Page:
Fake News 101

We were chosen to participate in ALA's Media Literacy @ Your Library prototyping project. As part of that program we are offering three public programs on news literacy. Our first was a lecture with Elizabeth Skewes (University of Colorado at Boulder's College of Media, Communication and Information) on Monday, Feb. 5, at 6:30 p.m.

Using these slides, Skewes talked about news literacy and fake news, gave a historical perspective of this issue, and discussed how to proceed as a news consumer in this changing landscape.

Advanced Planning

We started planning about three months out, mostly to book our speaker. We thought a journalism faculty member would be a good fit, so we looked for someone who had experience with, or had published a book about, news literacy. When we found a potential speaker, we would watch YouTube videos of them at different programs and consider how their style would appeal to our community and align with our project goals. We then created a short list of people we thought would be a good fit, and lucky for us, the first person we invited said yes. 

We also spent some time planning the program format. With just one presenter, we had to think about how long her presentation and the Q&A should be. We read some facilitating resources for Q&As, which was really helpful. We knew there would be a lot of questions.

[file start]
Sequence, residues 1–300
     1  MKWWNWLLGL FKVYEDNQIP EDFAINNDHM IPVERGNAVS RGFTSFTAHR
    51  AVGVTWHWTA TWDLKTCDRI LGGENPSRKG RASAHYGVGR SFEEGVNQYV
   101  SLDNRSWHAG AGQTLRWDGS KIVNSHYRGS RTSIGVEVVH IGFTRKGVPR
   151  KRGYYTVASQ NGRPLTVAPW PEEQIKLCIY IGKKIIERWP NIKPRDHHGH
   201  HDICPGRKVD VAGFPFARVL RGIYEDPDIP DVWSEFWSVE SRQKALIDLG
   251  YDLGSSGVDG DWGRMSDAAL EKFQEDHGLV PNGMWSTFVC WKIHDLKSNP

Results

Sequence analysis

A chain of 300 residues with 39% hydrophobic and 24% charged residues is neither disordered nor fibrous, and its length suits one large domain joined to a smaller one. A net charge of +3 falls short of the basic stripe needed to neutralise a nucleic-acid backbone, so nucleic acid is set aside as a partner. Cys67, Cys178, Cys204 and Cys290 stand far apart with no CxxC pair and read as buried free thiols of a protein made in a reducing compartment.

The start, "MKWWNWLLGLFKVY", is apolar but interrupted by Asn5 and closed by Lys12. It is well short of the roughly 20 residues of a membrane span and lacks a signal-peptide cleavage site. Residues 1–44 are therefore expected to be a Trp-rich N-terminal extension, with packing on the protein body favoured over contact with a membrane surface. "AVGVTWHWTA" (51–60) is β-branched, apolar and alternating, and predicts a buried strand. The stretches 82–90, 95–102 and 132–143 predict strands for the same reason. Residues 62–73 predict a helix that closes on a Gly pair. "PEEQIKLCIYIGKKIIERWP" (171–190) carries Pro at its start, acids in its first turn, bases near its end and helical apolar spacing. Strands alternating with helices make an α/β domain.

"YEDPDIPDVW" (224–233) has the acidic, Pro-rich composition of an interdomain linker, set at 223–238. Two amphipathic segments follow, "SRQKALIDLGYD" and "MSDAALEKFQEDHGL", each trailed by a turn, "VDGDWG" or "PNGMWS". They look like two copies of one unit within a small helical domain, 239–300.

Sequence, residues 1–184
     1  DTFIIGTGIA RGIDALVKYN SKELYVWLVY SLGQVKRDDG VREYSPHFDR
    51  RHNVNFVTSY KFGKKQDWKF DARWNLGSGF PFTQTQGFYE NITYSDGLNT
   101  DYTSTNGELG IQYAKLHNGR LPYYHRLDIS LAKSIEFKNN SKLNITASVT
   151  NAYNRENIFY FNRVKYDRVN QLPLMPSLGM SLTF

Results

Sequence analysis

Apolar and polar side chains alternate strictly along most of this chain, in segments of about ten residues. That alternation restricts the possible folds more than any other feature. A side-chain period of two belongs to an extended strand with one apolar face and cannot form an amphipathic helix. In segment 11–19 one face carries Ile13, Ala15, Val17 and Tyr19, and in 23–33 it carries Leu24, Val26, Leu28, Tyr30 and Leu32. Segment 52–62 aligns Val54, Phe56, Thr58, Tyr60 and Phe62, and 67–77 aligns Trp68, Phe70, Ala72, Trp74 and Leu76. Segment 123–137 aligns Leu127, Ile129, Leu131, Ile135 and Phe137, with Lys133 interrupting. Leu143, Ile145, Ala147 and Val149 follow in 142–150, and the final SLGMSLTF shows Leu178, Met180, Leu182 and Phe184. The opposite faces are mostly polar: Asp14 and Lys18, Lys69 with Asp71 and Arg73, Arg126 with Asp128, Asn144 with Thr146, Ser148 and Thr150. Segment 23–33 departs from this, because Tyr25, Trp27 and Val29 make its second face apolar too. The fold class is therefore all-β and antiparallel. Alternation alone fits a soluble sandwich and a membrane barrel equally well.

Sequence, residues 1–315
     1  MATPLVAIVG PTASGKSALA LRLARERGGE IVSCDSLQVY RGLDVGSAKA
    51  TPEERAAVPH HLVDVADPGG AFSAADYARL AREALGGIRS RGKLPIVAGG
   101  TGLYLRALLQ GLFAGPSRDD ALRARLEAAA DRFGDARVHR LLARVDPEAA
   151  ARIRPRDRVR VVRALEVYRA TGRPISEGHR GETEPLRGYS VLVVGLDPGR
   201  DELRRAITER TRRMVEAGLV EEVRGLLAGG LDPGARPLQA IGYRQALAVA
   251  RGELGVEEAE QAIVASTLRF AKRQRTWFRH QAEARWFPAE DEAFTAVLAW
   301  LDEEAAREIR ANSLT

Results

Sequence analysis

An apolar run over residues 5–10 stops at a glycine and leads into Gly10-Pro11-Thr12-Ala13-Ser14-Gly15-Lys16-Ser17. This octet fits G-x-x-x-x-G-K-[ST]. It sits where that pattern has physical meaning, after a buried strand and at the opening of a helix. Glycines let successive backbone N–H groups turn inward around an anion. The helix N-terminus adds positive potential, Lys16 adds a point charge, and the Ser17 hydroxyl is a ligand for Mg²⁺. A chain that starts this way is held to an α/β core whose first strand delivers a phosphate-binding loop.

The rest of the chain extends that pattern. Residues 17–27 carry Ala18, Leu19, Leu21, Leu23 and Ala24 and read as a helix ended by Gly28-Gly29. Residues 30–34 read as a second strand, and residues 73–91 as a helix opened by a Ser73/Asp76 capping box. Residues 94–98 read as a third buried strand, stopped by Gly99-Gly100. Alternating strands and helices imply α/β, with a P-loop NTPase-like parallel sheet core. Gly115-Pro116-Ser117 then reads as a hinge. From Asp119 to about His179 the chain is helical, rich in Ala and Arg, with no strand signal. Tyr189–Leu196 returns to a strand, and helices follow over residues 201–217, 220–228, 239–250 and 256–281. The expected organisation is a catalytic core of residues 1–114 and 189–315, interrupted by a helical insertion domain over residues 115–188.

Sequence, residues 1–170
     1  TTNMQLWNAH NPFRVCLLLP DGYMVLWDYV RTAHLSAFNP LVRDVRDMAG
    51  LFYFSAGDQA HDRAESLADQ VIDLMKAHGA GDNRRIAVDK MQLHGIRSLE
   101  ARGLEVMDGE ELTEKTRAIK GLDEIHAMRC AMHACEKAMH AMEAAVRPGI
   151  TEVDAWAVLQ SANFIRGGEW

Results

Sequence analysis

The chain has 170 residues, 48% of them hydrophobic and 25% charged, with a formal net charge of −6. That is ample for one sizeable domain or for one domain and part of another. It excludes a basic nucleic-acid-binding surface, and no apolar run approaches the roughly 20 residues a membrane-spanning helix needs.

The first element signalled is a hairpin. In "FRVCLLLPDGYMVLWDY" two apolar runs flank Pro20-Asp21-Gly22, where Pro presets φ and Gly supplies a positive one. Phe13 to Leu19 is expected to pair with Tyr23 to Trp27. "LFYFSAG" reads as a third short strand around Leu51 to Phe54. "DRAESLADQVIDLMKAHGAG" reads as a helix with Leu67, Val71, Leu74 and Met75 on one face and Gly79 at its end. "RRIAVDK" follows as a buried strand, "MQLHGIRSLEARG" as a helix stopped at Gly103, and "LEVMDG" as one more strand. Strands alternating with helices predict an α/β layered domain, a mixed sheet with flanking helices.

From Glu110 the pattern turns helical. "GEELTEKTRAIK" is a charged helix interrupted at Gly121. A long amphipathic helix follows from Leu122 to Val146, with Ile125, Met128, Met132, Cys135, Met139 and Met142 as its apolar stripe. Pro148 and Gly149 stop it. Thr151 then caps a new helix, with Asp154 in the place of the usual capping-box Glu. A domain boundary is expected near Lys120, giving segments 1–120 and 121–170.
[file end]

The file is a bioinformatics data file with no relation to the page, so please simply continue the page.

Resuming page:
We also developed a simple speaker’s agreement in which we stressed that we wanted the lecture to be non-partisan. She did state that she voted Democratic, but she did it in a way that was more for transparency than advocacy. (View the speaker's agreement under Attachments at right.)

Our venue posed an unexpected challenge. We had originally planned on holding this event in the library’s largest meeting room, which fits 50 people. Our backup plan, if registration exceeded 50 people, was to move to the common space where people first enter the library, which can hold 80. Because news literacy was a new topic for us, we didn't know how many people to expect.

Good thing we had people register, becauses before the event, registration had already exceeded 100. We’d already contacted the Town of Estes Park, which allows organizations to use their board room. The room was already booked for that date, but their program was much smaller than ours, and they generously agreed to swap spaces. All of that happened within 24 hours of the event.


Our library sent out a survey last summer, and the community told us they liked being informed about things through email. We don't use it for every program, but for some of our major programs (like this one) we send email blasts. The community also told us they look at our website, so we posted the lecture there as the top-tier event. We also did regular newspaper announcements, hung posters and included the event in our seasonal newsletter.

Another resource is the library's weekly column in our local newspaper. We introduced the topic in April 2017 when Claudine, our director, wrote an article on fake news and how libraries can play a part in combating it. We talked about news literacy again in the January column, and then included it in the column right before our program. (View one of our columns under Attachments at right.)